When it gets cold, having a good heating system makes a big difference in how cozy your home feels. There are different options for heating your house, but for some people, it comes down to an electric furnace vs a gas furnace. 

The Department of Energy says heating can consume almost 29% of your utility bills. That’s why you need to be mindful and decide what’s best for your house, which is economical and useful. Let’s look at the differences between the two furnace types. 

Electric Furnace Vs. Gas Furnace: What’s Right for Your Home? 

Gas and electric furnaces are the two most common types of home heating systems. Electric furnaces produce electric heat circulated throughout the home via ducting and vents.

These furnaces are typically easy to install and can be used where natural gas is unavailable.

However, gas furnaces generate heat by burning propane or natural gas in a combustion chamber. After that, a blower motor transfers this heat to the air, which is blown via the ducts.

When choosing between an electric and gas furnace, there are a few things to consider. It’s a good idea to talk to an expert to help you make the best choice for your home.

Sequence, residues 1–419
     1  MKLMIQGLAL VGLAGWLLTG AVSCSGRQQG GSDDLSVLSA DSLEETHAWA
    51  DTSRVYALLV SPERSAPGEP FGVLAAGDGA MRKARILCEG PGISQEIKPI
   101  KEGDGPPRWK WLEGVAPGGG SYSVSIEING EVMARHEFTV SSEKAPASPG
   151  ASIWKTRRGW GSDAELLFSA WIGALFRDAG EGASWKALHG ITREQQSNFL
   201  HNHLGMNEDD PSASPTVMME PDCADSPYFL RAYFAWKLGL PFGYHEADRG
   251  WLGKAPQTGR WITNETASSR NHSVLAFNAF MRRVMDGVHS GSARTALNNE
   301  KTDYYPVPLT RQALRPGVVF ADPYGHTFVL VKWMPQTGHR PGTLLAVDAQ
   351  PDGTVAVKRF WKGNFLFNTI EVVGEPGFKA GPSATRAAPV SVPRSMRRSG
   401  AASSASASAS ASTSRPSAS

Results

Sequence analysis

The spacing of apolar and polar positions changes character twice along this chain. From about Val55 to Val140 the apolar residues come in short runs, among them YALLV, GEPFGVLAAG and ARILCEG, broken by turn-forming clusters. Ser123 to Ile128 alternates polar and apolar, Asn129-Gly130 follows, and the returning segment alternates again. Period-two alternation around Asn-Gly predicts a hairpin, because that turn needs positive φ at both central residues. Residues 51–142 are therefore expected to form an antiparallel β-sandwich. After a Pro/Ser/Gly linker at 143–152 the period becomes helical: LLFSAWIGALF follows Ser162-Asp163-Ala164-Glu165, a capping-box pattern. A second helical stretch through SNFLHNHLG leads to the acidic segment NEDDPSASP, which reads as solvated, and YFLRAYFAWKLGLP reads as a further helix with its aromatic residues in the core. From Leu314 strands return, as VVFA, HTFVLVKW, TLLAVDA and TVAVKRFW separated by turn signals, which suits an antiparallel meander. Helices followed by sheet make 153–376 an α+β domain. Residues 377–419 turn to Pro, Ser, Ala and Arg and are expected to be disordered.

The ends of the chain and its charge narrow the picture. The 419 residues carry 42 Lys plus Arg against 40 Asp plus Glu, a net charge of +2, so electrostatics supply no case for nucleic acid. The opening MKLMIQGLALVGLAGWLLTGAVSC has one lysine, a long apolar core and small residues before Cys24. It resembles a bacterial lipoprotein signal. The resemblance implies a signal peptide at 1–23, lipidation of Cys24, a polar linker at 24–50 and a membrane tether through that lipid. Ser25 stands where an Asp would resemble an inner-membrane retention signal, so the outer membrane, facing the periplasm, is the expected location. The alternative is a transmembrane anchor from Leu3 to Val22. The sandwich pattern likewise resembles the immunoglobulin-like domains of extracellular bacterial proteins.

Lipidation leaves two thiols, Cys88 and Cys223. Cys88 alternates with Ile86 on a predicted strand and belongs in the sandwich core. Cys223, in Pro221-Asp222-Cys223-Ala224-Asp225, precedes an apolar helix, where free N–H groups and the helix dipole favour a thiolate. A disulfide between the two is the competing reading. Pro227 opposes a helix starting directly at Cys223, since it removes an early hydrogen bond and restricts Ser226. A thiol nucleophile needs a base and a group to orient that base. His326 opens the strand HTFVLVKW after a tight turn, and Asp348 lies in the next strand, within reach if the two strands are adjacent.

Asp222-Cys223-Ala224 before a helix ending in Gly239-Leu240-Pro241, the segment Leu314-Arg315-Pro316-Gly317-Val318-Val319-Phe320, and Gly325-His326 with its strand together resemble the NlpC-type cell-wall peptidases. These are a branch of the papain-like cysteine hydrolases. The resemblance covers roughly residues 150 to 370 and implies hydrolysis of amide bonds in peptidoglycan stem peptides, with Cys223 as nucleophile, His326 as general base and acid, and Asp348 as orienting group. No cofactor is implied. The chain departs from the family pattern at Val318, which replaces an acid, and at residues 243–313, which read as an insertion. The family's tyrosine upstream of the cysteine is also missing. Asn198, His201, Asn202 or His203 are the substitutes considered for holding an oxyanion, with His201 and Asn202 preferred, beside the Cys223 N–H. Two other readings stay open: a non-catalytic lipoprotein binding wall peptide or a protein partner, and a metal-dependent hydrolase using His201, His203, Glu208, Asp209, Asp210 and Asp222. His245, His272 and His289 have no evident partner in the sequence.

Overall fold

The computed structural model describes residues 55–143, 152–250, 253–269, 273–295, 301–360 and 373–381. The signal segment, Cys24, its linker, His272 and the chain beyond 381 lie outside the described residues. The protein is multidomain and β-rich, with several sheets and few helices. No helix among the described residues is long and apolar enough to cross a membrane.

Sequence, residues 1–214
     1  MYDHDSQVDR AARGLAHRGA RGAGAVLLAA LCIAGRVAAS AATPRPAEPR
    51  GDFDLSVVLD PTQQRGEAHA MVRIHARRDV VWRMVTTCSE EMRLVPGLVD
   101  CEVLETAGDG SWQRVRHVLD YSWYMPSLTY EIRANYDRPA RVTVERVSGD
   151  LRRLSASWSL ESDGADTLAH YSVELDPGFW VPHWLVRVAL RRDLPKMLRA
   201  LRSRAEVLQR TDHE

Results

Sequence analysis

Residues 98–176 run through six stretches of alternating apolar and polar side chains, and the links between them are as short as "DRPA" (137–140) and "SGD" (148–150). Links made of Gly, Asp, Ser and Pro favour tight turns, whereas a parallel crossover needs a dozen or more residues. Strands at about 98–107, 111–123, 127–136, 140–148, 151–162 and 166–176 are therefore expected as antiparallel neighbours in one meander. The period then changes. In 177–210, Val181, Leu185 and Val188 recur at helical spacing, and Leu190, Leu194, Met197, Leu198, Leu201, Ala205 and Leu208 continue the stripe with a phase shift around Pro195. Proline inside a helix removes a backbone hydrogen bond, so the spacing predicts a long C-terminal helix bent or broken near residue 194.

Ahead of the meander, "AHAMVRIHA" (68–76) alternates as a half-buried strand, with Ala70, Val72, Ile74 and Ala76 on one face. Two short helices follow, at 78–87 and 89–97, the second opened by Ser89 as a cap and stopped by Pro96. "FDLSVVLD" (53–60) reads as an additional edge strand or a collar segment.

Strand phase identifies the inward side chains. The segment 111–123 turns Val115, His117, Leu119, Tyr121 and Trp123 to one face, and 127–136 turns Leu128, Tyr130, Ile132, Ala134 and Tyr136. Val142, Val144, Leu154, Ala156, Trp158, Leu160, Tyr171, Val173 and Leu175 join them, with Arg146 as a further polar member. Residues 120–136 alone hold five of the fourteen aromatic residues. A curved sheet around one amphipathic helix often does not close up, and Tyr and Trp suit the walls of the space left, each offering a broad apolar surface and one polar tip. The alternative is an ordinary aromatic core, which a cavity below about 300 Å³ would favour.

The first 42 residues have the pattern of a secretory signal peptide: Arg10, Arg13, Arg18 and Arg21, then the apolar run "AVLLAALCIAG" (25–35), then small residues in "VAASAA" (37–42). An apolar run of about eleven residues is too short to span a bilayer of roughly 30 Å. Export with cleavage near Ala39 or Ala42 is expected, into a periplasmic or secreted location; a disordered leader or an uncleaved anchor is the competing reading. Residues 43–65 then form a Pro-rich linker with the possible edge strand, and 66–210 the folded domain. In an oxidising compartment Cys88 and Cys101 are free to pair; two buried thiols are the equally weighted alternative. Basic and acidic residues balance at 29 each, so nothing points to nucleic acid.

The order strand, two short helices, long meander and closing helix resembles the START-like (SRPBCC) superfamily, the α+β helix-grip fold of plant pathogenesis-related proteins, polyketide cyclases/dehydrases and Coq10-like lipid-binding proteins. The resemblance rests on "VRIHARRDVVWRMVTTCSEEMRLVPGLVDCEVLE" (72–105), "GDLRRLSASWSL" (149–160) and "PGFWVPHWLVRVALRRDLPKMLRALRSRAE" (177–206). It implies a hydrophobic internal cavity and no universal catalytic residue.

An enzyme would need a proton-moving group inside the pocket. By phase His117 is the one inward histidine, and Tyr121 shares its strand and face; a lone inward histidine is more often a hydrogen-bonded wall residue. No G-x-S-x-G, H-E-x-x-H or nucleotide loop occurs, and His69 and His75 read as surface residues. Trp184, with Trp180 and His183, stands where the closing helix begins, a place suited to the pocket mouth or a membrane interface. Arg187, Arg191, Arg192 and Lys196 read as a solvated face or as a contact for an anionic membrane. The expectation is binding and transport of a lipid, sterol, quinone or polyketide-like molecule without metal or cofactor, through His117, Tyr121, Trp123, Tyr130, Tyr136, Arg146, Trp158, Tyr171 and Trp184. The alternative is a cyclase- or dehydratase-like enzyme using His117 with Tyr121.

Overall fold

Let’s explore the specific differences between the two:

1- Fuel Type

Electric furnaces require electricity to create heat. When you turn on an electric furnace, electricity flows through heating elements, which heat up and warm the air blown into your home.

However, gas furnaces use propane or natural gas to generate heat. Gas is ignited in the furnace’s burner, heating a metal heat exchanger.

The air passing over this exchanger is heated and distributed throughout your home.

2- Cost

Electric furnaces are generally cheaper because they have simpler designs and don’t require a gas line installation.

However, they tend to cost more to run because electricity prices are often higher than gas prices.

This is not always true as propane can also be expensive in some areas so you have to ask a local contractor to confirm.

But generally speaking, Electric heat is typically very inefficient and almost always more expensive than gas or propane heat.

Because a gas line installation is required and occasionally because the components are more complicated, gas furnaces typically have greater upfront prices. However, they can be cheaper in the long term because natural gas or propane is often more affordable than electricity.

3- Installation

Installing an electric furnace is usually simpler because it doesn’t require a gas line hookup. Electric furnaces only need access to an electrical supply and proper ventilation for safety.

Installing a gas furnace can be more complicated and expensive because it requires a gas line hookup.

It involves connecting the furnace to the main gas supply in your home, which will require professional installation by an HVAC contractor.